In addition to the potential benefits in haploidentical HSCT, KIR-HLA relationships can also influence the outcomes of other HSCT conditions. For example, Hsu et al. showed increased disease-free survival in patients with AML and myelodysplastic syndrome that had received HLA-identical HSCT with inhibitory KIR/HLA ligand mismatch.118 Similarly, Leung et al. showed survival benefit with inhibitory KIR/HLA ligand mismatch after autologous HSCT (re-infusing the patients’s HSC after intervening chemotherapy) to treat various lymphomas and solid tumors.119 In contrast, a recent report from Cooley et al. found that AML patients receiving T cell-replete HSCT did not benefit from inhibitory KIR-HLA ligand mismatch.120 That study, however, showed significantly improved relapse-free survival when the donor possessed at least one B haplotype of KIR (which contain more activating KIR genes than haplotype A), indicating that introducing more activating KIR on the transplanted NK cells can also be beneficial under these conditions.120

In summary, many reports have described beneficial impacts of KIR-mediated NK cell allogenicity in HSCT therapies to treat AML and other cancers. The influences of allogenicity due to KIR/HLA ligand mismatch are complex and mechanistic foundations are currently unclear, however. Future work will need to focus on optimizing transplantation conditions and improving our molecular understanding of which KIR/HLA combinations provide the most benefit.

Therapeutic manipulation of KIR to treat cancer

Since inhibitory KIR play prominent roles in regulating NK cell activation, therapeutic strategies designed to diminish KIR function may be able to potentiate NK cell activity in treating cancer and viral infections.121 This could be particularly relevant in treating patients with tumors that still express HLA molecules, and therefore are not appropriate targets for attack by NK cells. In addition to their relevance to inhibitory KIR function, SHP-1 and SHP-2 phosphatases are common signaling effectors for a wide array of inhibitory receptors in a variety of tissues, and therefore, pharmacological inhibition of these phosphatases would not provide enough therapeutic specificity to enhance only NK cell function in vivo. Alternatively, specific therapeutic blockade of ligand recognition by inhibitory KIR offers intriguing potential to specifically lower the NK cell activation threshold.

A recent report by Binyamin et al. used an in vitro autologous primary NK cell/transformed target cell model system to demonstrate that antibody-mediated blockade of KIR significantly boosted CD16-dependent ADCC responses.122 Importantly, inhibitory KIR blockade alone did not significantly increase killing of autologous transformed cells in these in vitro studies, indicating that additional self-tolerance mechanisms are in place to prevent attack of cells not targeted by anti-tumor antibody. Similarly increased tumor cell killing and lack of self-reactivity was recently demonstrated by antibody-mediated KIR blockade using an in vivo KIR/HLA transgenic mouse model.123 Furthermore, using their in vitro autologous target cell system, Binyamin et al. showed that KIR blockade could better potentiate ADCC responses by NK cells from donors homozygous for the low affinity allele of CD16 (FcγRIIIA 158F).122 This is important, since follicular lymphoma patients homozygous for the low affinity allele of FcγRIIIA (158F vs. 158V) exhibit reduced clinical response rates to rituximab therapy.34, 124, 125 Another recent report has described a newly developed human antibody that blocks KIR2DL1–3 and showed impressive capacity to improve natural cytotoxicity and ADCC responses toward AML blasts in humanized mouse studies.126 Together, these reports provide preclinical evidence that KIR blockade may be a therapeutically viable option to boost NK cell mediated cytotoxicity responses toward tumors in cancer patients.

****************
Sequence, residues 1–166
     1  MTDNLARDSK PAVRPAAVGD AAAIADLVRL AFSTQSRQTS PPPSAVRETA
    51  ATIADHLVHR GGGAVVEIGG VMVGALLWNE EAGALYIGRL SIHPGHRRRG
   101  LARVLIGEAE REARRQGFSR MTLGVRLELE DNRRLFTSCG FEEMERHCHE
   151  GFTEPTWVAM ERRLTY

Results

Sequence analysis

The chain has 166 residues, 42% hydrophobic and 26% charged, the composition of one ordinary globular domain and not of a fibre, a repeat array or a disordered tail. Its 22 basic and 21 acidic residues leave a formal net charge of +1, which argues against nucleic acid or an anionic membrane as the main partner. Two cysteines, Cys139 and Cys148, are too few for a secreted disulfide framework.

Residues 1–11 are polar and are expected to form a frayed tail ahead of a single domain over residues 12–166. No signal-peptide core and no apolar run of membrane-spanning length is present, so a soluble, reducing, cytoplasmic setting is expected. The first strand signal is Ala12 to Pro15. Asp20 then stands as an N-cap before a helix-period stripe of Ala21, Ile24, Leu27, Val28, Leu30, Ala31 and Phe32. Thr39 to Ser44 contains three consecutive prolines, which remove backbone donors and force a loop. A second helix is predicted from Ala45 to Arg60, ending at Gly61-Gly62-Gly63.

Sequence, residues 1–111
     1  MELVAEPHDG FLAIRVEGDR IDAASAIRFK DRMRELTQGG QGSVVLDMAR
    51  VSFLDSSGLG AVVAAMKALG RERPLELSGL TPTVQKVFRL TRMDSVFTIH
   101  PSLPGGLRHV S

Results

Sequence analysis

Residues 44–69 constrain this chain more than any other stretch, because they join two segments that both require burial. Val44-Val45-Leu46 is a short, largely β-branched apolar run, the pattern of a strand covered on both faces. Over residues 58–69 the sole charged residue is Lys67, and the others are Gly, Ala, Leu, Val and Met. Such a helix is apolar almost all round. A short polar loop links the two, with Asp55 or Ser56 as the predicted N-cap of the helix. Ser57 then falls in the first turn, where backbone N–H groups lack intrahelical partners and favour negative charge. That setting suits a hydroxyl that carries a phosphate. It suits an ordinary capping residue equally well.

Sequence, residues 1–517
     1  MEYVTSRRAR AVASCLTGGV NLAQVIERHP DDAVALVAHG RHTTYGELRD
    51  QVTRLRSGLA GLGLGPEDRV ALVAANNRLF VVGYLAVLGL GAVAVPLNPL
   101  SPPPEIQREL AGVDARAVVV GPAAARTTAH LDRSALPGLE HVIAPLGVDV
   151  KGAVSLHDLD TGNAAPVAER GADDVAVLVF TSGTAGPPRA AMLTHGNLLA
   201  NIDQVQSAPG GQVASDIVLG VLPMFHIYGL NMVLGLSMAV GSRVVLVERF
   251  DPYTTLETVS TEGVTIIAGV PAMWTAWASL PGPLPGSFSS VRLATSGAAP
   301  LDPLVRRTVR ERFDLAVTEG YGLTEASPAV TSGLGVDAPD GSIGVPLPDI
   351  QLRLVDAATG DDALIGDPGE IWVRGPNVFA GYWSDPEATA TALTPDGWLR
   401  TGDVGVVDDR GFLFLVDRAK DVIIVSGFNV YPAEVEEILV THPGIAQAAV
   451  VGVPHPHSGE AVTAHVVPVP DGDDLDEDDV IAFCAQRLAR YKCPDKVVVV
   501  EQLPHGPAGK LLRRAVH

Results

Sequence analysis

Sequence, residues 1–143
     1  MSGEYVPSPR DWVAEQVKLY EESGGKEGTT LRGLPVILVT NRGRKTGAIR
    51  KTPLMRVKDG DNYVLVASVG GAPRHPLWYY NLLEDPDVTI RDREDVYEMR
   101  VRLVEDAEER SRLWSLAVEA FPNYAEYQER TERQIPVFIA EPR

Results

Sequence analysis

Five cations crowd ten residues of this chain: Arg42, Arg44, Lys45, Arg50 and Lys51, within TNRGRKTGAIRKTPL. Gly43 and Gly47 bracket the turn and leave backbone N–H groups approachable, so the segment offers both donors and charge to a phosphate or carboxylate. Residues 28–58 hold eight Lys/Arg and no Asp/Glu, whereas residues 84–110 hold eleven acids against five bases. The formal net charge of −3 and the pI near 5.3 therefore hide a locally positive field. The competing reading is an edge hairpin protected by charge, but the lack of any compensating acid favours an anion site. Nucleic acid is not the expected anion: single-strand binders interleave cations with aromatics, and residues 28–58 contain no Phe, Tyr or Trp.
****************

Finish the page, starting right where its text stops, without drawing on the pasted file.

In conclusion, our understanding of the diversity of KIR/HLA interactions is improving, but new findings are continually revealing increasing levels of complexity. It is becoming clear, however, that the interactions between these highly polymorphic receptor and ligand repertoires can alter immune function to influence susceptibility to many diseases including cancer and the effectiveness of HSCT to treat leukemias, especially AML. Further study is warranted to better define the influences of distinct polymorphic variants of KIR and HLA on surface expression and receptor/ligand affinities, as well as to define the remaining ligands for KIR. In addition, more studies are needed to better understand the mechanistic basis of how certain KIR/HLA interactions are influencing NK cell maturation and function in certain individuals to affect their health. Also, it is important to consider that some of the impacts of KIR may be mediated through effects on subsets of T cells. Finally, additional work is needed to establish how certain KIR/HLA combinations can be selected to optimize the outcome of hematopoietic stem cell transplantation to treat cancer.


We thank Drs. Jennifer Rhodes (FCCC) and Wesley Rose (Arcadia University, Glenside, PA) for constructive criticism during manuscript preparation. This work was supported by R01 grants CA-083859 and CA-100226 (K.S.C), training grant CA009035-32 (A.K.P) and partially by Centers of Research Excellence grant CA06927 (FCCC) from the National Institutes of Health. The research was also supported in part by an appropriation from the Commonwealth of Pennsylvania. Its contents are solely the responsibility of the authors and do not necessarily represent the official views of the National Cancer Institute.